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Novelist James Patterson published concerns over the authenticity of the oft-touted New York Times Best Seller List.
Patterson cited how the list excluded a book from Mike Pompeo, despite Donald Trump’s former secretary of state outselling six books that made the list. He also tweeted how the fiction section of the chart included four titles that sold fewer copies than J.D. Robb’s recent novel, a work the list did not include.
Next, Patterson wrote The Times a letter in which he accused it of cooking the list. The outlet did not deny said accusation.
In fact, The Times informed Patterson’s publisher it does not rely solely on “raw” sales when placing a title atop its “sales chart.”
New York Times Best-Seller List Criteria Is Ever-Changing
One might wonder what methods the best-seller list uses to calculate its ranking if sales are not the bible.
Thereby, OutKick sent an inquiry to the New York Times Best Seller press department, asking for clarification.
We asked: “What metrics does the best seller list use if raw numbers are not the only metric?”
A spokesperson responded but hardly addressed our question. Here’s what The Times said about its “confidential reporting process.”
Thank you for contacting us. The following answer can be attributed to me or a spokesperson for The New York Times:
We responded to Mr. Patterson to let him know that we take his concerns seriously and are always reviewing our methods in compiling the Best-Seller Lists to ensure that we are best serving our readers.
Our bestsellers lists are based on detailed analysis of book sales from a wide range of retailers, tens of thousands of brick-and-mortar stores of all sizes, and numerous online book-selling vendors to best represent what is selling across the United States. For more information about the confidential reporting process or how books make our lists, please see our methodology and this explainer on the best-seller lists.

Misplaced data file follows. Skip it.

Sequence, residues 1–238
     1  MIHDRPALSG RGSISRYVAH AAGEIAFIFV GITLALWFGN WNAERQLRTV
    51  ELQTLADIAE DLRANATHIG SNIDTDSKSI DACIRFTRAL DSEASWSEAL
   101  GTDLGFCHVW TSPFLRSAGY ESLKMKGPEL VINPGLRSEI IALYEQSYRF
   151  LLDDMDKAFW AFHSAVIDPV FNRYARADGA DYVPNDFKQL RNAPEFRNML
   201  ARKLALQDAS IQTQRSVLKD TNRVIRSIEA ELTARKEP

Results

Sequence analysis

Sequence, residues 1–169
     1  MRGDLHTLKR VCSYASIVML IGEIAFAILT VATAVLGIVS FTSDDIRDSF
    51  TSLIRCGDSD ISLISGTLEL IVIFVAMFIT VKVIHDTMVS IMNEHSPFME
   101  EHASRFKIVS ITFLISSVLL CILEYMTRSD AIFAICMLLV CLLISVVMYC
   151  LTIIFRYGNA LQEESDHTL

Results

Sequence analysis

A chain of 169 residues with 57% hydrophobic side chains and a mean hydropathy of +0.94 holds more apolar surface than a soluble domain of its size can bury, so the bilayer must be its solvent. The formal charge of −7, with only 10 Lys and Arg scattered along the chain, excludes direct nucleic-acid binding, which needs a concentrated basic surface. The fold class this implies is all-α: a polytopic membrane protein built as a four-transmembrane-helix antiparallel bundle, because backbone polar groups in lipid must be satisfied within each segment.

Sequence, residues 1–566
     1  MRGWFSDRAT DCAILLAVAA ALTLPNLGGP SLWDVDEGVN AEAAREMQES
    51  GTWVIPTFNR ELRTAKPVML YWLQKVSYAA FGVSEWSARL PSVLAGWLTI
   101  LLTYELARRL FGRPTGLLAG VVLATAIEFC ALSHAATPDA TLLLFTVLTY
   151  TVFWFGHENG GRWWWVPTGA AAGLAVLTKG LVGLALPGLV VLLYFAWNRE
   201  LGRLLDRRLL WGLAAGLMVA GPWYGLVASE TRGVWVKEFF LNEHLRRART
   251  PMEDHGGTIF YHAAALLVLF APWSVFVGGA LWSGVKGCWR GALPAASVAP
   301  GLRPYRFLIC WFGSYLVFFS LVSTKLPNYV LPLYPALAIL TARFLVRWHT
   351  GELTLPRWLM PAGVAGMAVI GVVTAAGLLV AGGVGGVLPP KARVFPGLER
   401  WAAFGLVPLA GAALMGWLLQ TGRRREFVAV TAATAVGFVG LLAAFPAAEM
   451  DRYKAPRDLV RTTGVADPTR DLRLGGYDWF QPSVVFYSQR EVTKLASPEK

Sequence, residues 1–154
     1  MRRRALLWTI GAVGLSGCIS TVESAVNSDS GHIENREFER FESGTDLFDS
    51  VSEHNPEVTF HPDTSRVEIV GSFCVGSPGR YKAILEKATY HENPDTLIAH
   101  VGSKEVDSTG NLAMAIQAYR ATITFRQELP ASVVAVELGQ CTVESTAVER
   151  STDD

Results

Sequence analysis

We have and will continue to track Mr. Patterson’s latest books. In the last 15 years, Mr. Patterson’s books have ranked on our Best-Seller lists over 4,000 times.
Lack Of Answers From New York Times
Still no word on why Pompeo’s top-selling book did not make a list of so-called top-selling books.
The New York Times Best Seller List is not dissimilar to the Apple Podcast chart, where downloads are a factor but anonymous employees have the ability to raise or lower a title no matter its success.
So, your skepticism will be warranted when you click on the Twitter bio of a progressive author touting their “New York Times Best Seller” status.
Ultimately, James Patterson has become a menace to the book industry. He has sold over 420 million books and has set his sights on exposing the political biases within the genre.
Last summer, he revealed that publishing companies were openly rejecting titles from white male authors, no matter their skill.
Patterson recently told SiriusXM that CNN and MSNBC banned him from promoting his newest book, “Walk the Blue Line,” because it portrayed a fictitious police officer as heroic.
“I had no trouble getting on Fox,” Patterson told host Doug Brunt about promoting the book. “But I couldn’t get on CNN or MSNBC.”
Political correctness has infested sales charts, the hiring processes, and the ability to promote a book. And James Patterson’s expose-all tour has become one of his most influential works to date.
2 CommentsLeave a Reply
Good for him speaking the truth. We all know this crap happens all the time. Nice to see it exposed.
It should have happened a long time ago, but instead of “Best Seller” list, to be accurate it should now be the “New York Times Favorite Books” list. Of course, accuracy isn’t really their strong suit.